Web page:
The Mary Tyler Moore Show Remains a Television Landmark

With exceptional acting, writing, and directing, the comedy classic debuted 50 years ago.

The cast of the Mary Tyler Moore during the series' last episode
Featured image: Cast photo from the television program The Mary Tyler Moore Show. After the news that most of the WJM-TV staff has been fired, everyone gathers in the newsroom. From left: Betty White (Sue Ann Nivens), Gavin MacLeod (Murray Slaughter), Ed Asner (Lou Grant), Georgia Engel (Georgette Baxter), Ted Knight (Ted Baxter), Mary Tyler Moore (Mary Richards). (Publicity Image from CBS Television; Public Domain via Wikimedia Commons)

Weekly Newsletter

The best of The Saturday Evening Post in your inbox!


It’s easy to say that a show redefined television, but it’s much harder to prove. In the case of The Mary Tyler Moore Show, you might say that the proof is all around. The series recreated the mold of the ensemble comedy. It changed the way that comedy shows were directed. It had a cast that was strong enough to spin off three separate characters into their own series (one of which was a drama!). And it wasn’t afraid to engage in very serious topics, including some that were taboo for the time. The show still shows up on “Best of” lists, including best writing, acting, and direction, as well as Best Finale and Funniest Moment (seriously, the Chuckles funeral). It’s a program where everything still holds up remarkably well five decades later. That’s right; The Mary Tyler Moore Show launched 50 years ago, and TV is much better because of it.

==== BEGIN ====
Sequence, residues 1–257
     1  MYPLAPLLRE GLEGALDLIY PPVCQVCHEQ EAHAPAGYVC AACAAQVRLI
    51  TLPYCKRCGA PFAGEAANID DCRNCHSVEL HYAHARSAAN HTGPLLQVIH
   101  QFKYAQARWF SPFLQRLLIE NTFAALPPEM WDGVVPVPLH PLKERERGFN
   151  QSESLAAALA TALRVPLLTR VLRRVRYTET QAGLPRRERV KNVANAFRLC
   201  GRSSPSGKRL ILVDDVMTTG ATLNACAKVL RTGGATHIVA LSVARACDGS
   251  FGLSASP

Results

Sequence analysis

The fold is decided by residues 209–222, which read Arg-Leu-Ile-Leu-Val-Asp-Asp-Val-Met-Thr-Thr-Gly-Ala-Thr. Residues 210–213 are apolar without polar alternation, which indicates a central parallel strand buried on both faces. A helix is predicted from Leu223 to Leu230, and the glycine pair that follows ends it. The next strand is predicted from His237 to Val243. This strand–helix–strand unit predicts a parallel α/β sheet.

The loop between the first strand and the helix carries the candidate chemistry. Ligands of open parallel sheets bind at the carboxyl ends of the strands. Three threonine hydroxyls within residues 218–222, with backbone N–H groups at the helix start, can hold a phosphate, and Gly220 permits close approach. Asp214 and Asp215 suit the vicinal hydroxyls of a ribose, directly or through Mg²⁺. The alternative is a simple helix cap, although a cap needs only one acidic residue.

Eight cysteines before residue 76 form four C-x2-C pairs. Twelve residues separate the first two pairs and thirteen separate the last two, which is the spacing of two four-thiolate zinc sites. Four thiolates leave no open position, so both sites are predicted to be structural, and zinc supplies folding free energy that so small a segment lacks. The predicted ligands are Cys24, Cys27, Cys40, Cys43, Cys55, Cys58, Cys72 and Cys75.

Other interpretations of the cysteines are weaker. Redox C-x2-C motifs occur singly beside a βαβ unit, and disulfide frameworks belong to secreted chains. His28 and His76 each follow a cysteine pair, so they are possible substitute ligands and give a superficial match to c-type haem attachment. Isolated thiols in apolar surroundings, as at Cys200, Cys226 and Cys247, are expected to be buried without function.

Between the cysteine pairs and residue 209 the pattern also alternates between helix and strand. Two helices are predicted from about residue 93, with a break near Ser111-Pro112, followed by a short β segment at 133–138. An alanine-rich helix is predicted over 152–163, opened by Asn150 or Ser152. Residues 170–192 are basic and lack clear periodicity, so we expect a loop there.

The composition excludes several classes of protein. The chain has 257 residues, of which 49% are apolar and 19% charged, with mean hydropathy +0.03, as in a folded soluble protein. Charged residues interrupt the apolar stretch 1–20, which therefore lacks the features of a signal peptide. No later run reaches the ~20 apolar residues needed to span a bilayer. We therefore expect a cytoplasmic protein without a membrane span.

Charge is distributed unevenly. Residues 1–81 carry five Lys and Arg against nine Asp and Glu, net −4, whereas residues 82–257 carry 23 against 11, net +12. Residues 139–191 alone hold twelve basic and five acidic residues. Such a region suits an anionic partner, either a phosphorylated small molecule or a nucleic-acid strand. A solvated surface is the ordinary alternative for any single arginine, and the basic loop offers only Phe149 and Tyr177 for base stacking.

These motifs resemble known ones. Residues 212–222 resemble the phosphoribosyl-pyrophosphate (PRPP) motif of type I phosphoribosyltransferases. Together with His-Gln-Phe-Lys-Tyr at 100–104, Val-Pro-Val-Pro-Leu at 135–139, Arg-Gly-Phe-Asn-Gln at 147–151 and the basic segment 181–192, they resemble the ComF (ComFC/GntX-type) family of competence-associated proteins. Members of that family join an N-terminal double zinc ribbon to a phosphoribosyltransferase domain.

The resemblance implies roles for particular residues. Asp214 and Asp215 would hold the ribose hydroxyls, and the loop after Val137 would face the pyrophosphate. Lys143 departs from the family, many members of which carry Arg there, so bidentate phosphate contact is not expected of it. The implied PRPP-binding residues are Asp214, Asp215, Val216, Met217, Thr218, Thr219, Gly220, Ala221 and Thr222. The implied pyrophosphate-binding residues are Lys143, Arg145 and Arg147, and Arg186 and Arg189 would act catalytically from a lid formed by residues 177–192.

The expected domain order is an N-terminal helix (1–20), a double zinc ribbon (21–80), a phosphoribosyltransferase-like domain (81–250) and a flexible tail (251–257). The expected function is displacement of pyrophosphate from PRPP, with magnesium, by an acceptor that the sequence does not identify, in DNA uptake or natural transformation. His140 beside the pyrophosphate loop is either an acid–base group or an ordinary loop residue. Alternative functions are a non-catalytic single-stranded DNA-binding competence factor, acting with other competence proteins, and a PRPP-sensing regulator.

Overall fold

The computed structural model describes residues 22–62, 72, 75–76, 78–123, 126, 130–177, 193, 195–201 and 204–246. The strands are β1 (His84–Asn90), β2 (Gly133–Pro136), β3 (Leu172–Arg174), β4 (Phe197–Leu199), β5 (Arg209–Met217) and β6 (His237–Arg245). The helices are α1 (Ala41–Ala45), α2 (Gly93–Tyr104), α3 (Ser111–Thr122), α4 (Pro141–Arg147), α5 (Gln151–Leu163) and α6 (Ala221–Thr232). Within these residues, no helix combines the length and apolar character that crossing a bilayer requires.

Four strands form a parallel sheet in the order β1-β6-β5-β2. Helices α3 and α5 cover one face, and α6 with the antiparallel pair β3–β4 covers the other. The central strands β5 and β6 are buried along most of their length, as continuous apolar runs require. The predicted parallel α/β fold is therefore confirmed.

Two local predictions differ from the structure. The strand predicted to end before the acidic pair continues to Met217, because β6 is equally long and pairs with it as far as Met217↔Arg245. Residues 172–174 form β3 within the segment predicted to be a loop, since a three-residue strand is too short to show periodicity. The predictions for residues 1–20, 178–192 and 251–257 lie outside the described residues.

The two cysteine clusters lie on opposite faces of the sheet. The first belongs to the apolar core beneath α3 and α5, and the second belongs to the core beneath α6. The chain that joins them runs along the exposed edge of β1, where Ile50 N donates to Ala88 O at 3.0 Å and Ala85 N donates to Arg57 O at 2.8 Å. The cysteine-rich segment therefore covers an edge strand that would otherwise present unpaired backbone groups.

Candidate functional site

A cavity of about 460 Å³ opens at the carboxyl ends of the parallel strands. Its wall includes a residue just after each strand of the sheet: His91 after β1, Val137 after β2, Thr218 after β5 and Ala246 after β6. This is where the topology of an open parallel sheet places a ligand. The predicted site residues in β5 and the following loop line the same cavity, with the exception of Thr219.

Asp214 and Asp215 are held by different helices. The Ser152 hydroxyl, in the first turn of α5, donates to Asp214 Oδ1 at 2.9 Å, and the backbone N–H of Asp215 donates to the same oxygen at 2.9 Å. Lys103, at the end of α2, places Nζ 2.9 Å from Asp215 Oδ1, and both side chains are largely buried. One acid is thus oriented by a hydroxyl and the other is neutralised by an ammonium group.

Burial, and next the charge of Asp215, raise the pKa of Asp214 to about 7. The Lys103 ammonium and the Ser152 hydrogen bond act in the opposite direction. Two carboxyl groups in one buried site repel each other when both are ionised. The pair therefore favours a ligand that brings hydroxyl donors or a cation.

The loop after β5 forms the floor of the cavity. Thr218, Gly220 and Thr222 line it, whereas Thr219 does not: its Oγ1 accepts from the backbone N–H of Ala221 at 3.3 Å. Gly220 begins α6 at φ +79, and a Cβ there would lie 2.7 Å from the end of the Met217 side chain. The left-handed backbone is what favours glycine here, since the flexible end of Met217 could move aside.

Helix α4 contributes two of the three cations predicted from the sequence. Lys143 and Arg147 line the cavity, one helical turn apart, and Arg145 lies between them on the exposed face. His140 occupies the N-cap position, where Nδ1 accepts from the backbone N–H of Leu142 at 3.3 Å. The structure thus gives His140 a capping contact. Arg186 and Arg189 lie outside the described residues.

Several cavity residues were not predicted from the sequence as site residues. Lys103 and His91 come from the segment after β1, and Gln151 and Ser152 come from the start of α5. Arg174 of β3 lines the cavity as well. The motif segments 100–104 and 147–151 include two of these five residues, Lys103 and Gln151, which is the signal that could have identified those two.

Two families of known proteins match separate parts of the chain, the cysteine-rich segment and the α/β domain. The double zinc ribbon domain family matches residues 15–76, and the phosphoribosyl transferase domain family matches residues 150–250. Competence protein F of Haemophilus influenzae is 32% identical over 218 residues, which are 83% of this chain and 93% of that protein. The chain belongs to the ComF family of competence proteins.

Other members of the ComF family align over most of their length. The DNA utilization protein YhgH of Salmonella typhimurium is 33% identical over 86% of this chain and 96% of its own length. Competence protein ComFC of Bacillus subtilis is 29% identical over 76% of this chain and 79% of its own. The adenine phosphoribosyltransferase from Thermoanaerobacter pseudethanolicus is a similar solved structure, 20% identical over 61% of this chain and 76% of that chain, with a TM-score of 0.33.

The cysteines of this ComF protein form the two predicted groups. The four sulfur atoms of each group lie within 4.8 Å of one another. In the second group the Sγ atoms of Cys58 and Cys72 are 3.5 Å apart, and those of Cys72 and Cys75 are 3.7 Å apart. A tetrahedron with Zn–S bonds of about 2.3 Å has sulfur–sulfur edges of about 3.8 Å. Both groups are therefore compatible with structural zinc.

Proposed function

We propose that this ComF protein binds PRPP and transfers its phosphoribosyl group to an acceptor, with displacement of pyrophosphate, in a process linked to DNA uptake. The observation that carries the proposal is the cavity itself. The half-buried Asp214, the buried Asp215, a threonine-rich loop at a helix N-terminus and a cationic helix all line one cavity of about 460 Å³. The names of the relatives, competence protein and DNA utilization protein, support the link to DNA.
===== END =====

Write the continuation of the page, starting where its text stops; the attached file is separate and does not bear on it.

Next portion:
Series co-creator Allan Burns started writing in animation, working on Jay Ward productions like The Rocky and Bullwinkle Show. He co-created The Munsters and worked as a story editor on Get Smart. James L. Brooks broke into TV news in the 1960s on the writing side. Brooks met Burns at a party, and Burns got him TV writing work. After working on several shows, Brooks created Room 222; when he left after the first year to develop other projects, he got Burns to come aboard as producer. Soon after, Grant Tinker, a programming executive at CBS, hired the duo to create a show for his wife. His wife happened to be Mary Tyler Moore, who was already beloved and famous for her long-running role as Laura Petrie on The Dick Van Dyke Show. Leaning on Brooks’s background, they decided to build the show around the goings-on in a metropolitan TV newsroom with Moore’s Mary Richards as the associate producer at the center.